Recently, the Bouchercon committee posted their minutes from their last meeting which was held at Bouchercon in Anchorage. The chairperson of that Bouchercon is reported to have said the "big name" authors didn't come because so many small press and self-published authors did. I was there and yes, I'm one of the small press authors--but I saw lots of big names. Frankly, if numbers were down it was because of the cost of going to Anchorage IMHO.

The committee then went on to say that their recommendation was from now on to only allow "legitimate" authors be on panels. Of course if you go to Bouchercon or any other mystery convention, you want to be on a panel as it's your one chance to shine and talk a bit about your book. If you are taking the cost of the convention off your income tax then you need to be using the con as promo opportunity.

So, I ask, what makes a "legitimate" author? I heard that one of the members of Mystery Writers of America (which I've been an active member of for years despite the fact my publisher didn't make the approved publisher list) say an author isn't really a writer until he or she makes her living writing. That criteria certainly excludes many authors.

I have a good author friend who self-publishes her mysteries which are top-notch, the books are beautiful, and she sells plenty. Is she a legitimate author? Not by MWA's standards.

I've published more than 20 books, have contracts for two more in my Deputy Tempe Crabtree series, a contract for the next Rocky Bluff P.D. book, taught novel writing for Writers Digest School for over ten years, taught a writing class at Borders for five, was an instructor at the Maui Writers Retreat in Hawaii, have given workshops at writers conferences at colleges and many other places--but am I a "legitimate" author?

What do you think?


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Comment by Marilyn Meredith on December 3, 2007 at 1:34am
What I meant to say, is I'll go to the conventions and conferences where they want me.

Comment by Marilyn Meredith on November 21, 2007 at 2:41pm
This is a comment I received from a Native Alaskan who I met at Left Coast Crime in Alaska way back when I only had one book in my Deputy Tempe Crabtree series. (It was published by a one-woman independent publisher--no advance, not very good about paying royalties.)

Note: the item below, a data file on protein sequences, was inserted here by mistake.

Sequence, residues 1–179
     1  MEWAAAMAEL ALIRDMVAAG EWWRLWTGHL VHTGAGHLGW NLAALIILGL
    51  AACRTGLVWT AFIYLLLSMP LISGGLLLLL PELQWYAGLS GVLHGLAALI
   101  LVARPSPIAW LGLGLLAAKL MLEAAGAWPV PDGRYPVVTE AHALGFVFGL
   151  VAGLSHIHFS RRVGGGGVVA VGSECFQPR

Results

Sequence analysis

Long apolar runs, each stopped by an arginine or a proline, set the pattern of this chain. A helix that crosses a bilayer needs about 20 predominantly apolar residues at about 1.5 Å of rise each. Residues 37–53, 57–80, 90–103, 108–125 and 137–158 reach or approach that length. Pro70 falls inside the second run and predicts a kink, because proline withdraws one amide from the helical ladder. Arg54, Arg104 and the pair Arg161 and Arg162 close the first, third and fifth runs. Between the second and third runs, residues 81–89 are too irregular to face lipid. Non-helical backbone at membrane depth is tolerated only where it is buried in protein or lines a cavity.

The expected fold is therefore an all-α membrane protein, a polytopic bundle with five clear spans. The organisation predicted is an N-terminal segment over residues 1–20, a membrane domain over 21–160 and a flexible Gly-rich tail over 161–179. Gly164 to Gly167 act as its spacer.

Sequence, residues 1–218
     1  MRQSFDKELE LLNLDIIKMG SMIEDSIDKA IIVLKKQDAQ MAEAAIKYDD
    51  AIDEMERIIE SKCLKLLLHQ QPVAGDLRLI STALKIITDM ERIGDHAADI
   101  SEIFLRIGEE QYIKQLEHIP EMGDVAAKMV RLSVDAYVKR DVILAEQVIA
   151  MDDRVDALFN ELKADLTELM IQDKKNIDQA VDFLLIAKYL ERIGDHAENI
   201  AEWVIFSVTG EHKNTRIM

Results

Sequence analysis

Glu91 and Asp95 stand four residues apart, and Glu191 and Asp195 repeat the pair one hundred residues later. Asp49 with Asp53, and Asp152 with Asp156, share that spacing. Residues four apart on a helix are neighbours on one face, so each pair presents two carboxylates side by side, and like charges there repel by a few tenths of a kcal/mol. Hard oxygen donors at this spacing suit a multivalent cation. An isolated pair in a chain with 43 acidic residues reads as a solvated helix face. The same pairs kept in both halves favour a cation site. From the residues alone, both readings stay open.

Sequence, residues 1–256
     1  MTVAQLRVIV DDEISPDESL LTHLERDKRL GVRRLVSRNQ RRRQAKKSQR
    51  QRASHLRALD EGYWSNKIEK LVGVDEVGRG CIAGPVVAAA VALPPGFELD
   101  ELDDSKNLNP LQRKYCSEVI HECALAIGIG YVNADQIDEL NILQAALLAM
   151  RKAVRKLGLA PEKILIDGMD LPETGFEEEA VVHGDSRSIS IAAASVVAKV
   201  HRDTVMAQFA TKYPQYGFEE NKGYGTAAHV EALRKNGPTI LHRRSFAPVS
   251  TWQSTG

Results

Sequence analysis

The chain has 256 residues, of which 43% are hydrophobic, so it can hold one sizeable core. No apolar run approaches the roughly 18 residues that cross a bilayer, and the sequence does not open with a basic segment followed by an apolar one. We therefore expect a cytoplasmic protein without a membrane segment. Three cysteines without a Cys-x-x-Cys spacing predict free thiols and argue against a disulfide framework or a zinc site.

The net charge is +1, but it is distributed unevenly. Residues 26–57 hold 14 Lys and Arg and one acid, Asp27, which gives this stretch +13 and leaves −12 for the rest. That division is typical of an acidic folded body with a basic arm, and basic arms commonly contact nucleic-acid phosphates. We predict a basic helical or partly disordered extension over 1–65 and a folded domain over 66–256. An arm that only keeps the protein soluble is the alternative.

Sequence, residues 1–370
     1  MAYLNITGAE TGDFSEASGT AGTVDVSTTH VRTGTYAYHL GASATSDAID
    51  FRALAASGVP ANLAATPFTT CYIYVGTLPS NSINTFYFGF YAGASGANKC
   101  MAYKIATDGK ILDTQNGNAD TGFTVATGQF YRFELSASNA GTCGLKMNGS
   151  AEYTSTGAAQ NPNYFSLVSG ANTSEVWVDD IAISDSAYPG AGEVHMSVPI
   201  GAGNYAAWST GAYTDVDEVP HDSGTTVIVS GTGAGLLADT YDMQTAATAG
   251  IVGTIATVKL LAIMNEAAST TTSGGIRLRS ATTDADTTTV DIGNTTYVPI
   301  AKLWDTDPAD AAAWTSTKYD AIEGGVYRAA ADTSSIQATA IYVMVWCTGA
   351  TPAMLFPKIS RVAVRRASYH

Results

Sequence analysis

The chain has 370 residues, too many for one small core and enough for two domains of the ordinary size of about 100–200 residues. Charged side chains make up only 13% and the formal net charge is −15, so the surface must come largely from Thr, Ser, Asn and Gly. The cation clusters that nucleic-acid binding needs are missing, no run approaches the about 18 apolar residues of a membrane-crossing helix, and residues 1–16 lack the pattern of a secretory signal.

"Reading this made me sad too. I picked up a lot of new authors when I went
to Left Coast Conference all those years ago, because I heard them speak on
a panel, found them interesting and gave their books a shot...then I pass
on the books and hope they get more fans."

This young woman is now a friend of mine and after Bouchercon this year in Alaska, I stayed at her home for four days. We had a wonderful time.

And yes, I agree that you discuss the topic of the panel, but something is always said about the authors' current books if only in the introduction.

I love going to mystery cons--they are a lot of fun. It's great to rub elbows with fellow mystery writers. I've made so many good friends this way.

And yes, I'll be going to the conventions and conference wheter they want me.

Comment by Jack Getze on November 21, 2007 at 5:50am
Of course you're a legitimate author, Marilyn. Like Sandra, I believe there's a big difference between self-published and small presses, and I can't understand why MWA (I'm an active member, too) and these convention committees don't seem to understand that. But like so much in the publishing industry, I'm afraid this one is out of my control. I'll go where they'll have me, skip the ones that don't want me. What are you gonna do?
Comment by Sandra Ruttan on November 21, 2007 at 3:23am
I agree that for most people it was the cost of Alaska that was what kept them away, and had nothing to do with who was or was not attending.

I think the reason some big names don't go to the cons is because they don't have to. Simply put, they don't have to work as hard to promote.

While this isn't an issue that has bearing on me now, because my publisher is MWA approved, I think this is dangerous territory because there are new publishers coming up to fill the gaps and provide things that are different than what the big publishers do, and that's important if we want to keep the genre from stagnating. I certainly raise eyebrows at the thought of limiting panel participation to those with MWA approved publishers only - it eliminates a number of legitimate Canadian publishers, for one thing. Capital Crimes Press - the publisher of Robert Fate and Troy Cook, amongst other well-received books - isn't on the list presently.

And if we go by income then I'm told only about 5% of authors earn a living from sales of their books.

I don't think that people have the right to expect to be on a panel at a convention (and I disagree that the point of being on a panel is to talk about your book - it's to talk about the topic of your panel) and there are other ways to write off the expense - meet with agent/publisher/interviewer/reviewer - but I think the biggest cost is to the readers who attend the conventions. If the scope of who is and who is not allowed is narrowed dramatically, the risk is going to a convention where all the panels are variations of a few dozen authors sitting in different combinations, because nobody else is eligible.

Self publishing is a different issue entirely, over the approved lists alone. There are a lot of valid publishers who just don't meet the guidelines, and what might make the difference for some is that their advance was only $900 instead of $1000. But other cons are already moving in this direction, limiting the scope of who is allowed on panels.

And it's probably a good thing to have a con that isn't loaded up with too many 'big names' for a change. It gives people a chance to hear about other authors that they might otherwise overlook.

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